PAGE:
Win­ter is a good time to watch for Arkansas furbear­ers

Arkansas Democrat-Gazette - - THREE RIVERS EDITION - BY KEITH SUT­TON Con­tribut­ing Writer

My job re­quires me to drive thou­sands of miles in Arkansas each year. To stay alert while trav­el­ing from one place to an­other, I spend a lot of time watch­ing for wildlife along the road­ways.

Most of the an­i­mals I see are com­mon birds such as crows, hawks, doves and water­fowl, or our ever-plen­ti­ful white-tailed deer. Dur­ing win­ter, how­ever, the ab­sence of thick fo­liage al­lows me to catch glimpses of many crea­tures, par­tic­u­larly dif­fer­ent types of furbear­ers, that I see much more rarely dur­ing other sea­sons.

On one re­cent trip, for ex­am­ple, I spied three river ot­ters frol­ick­ing play­fully along a farm ir­ri­ga­tion ditch. When I stopped and looked down the canal with binoc­u­lars, I could also see a beaver swim­ming with a leafy branch in its mouth, and a mink hunt­ing frogs and mice along the shore.

I saw more furbear­ers while driv­ing home that evening af­ter sun­set. A fat rac­coon wad­dled across one ru­ral road, and I was also treated to brief sight­ings of a beau­ti­ful coy­ote, a gray fox and even a bob­cat.

As you travel in Arkansas this win­ter, keep your eyes peeled, and per­haps you’ll see some of the com­mon Nat­u­ral State furbear­ers de­scribed in the fol­low­ing para­graphs. If you read and learn about their habits and life his­tory here, per­haps the en­counter will be even more mem­o­rable than usual.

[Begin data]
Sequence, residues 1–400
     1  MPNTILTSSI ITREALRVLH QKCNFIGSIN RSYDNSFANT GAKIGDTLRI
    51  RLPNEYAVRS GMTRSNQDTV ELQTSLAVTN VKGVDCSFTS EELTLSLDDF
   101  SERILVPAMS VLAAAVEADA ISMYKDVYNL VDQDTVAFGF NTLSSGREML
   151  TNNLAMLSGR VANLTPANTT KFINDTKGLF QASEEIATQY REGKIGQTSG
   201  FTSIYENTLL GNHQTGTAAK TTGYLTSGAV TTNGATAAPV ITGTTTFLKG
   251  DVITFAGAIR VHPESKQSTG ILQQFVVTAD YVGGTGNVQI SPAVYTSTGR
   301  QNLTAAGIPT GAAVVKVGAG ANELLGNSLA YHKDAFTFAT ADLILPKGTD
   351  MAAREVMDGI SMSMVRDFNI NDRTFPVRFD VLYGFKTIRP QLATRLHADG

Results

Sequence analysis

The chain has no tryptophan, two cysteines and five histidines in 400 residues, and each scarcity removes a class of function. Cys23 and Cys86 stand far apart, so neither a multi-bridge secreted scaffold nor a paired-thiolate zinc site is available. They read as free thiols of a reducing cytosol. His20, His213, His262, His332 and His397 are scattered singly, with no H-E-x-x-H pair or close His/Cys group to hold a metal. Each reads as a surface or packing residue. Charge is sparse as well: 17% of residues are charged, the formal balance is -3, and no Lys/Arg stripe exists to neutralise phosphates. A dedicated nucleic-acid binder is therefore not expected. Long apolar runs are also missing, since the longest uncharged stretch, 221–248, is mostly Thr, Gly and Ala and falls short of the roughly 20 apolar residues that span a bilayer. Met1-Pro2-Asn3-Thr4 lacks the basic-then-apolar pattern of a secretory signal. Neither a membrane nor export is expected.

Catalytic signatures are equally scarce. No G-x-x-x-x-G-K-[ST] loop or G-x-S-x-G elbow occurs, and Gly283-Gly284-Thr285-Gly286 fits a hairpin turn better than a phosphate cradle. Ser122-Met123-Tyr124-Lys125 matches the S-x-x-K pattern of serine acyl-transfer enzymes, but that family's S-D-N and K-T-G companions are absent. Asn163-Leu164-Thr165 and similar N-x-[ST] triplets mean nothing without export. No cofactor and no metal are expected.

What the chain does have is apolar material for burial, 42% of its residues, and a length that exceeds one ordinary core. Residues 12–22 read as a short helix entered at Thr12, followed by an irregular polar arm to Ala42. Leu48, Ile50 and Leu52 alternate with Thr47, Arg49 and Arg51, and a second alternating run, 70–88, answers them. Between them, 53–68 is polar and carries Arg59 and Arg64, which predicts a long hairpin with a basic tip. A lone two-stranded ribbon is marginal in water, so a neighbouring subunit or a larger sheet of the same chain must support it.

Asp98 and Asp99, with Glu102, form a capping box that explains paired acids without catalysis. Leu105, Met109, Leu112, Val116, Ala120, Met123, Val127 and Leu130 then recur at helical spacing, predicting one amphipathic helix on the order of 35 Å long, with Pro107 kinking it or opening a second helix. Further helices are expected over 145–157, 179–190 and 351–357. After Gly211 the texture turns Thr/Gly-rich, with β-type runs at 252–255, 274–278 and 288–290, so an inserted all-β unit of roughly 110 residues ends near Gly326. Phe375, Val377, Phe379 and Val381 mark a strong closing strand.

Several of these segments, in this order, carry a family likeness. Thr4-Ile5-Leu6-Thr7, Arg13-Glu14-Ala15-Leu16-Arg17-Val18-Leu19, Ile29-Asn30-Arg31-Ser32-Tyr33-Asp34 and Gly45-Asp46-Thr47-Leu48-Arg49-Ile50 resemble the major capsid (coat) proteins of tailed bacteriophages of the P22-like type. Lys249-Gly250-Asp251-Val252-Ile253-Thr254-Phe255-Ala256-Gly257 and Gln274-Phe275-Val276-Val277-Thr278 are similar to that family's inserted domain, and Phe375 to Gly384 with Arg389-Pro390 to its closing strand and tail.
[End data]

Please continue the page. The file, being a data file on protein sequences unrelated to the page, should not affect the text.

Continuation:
Thirty years ago, I rarely saw river ot­ters dur­ing my trav­els, but these play­ful crea­tures have be­come in­creas­ingly abun­dant along the state’s wooded wa­ter­ways in re­cent decades, and I of­ten spot them when driv­ing slowly along creeks, rivers and ditches.

The river ot­ter is an ex­cep­tion­ally fine swim­mer and feeds largely on fish, frogs and cray­fish. Some sport fish­er­men dis­like the ot­ter be­cause it eats fish, but stud­ies show that the bulk of its diet is rough fish, which are more eas­ily cap­tured.

Arkansas ot­ters pro­duce one an­nual lit­ter of one to six young some­time from Jan­uary through March.


For the most part, the fa­mil­iar rac­coon is a crea­ture of the night, but dur­ing the cold months, it is of­ten seen out and about in day­time as it tries to fill its belly to stay warm. The masked ban­dit fa­vors bot­tom­land hard­wood stands but is also com­mon in wooded up­lands, farm­lands and densely wooded res­i­den­tial ar­eas. The rac­coon rarely ven­tures far from wa­ter.

One to seven young are born from April to Au­gust. When grown, they will eat plant foods such as fruits, nuts and gar­den pro­duce, and an­i­mal foods such as in­sects, cray­fish, clams, fish, frogs, snakes and oc­ca­sional small mam­mals, plus bird and tur­tle eggs.


This short-tailed cat is sel­dom seen as a re­sult of its se­cre­tive habits but oc­curs through­out the state in a wide va­ri­ety of habi­tats. Adults vary greatly in size, but a weight of 15 to 35 pounds is typ­i­cal.

Bob­cat kit­tens, usu­ally two, are born in a den un­der a log, in a cave or un­der an up­turned tree from March through early May. The bob­cat’s most im­por­tant foods are rab­bits, squir­rels and small ro­dents.

Although ca­pa­ble of killing deer, bob­cats rarely do so.


The beaver was trapped to vir­tual ex­tinc­tion in Arkansas by 1900. But to­day, thanks to a suc­cess­ful rein­tro­duc­tion ef­fort decades ago, these wa­ter-lov­ing mam­mals live in all 75 coun­ties here. That’s a good-news, bad-news sit­u­a­tion. Beavers may dam­age agri­cul­tural and for­est lands by damming streams and felling valu­able tim­ber. On the other hand, their dams sta­bi­lize stream flows and con­trol runoff while con­vert­ing rel­a­tively dry ar­eas into lush wet­lands that are home to many wet­land an­i­mals.

The largest of our North Amer­i­can ro­dents, the beaver feeds pri­mar­ily on the in­ner bark of woody plants. One to eight fully furred young are born in April, May or June.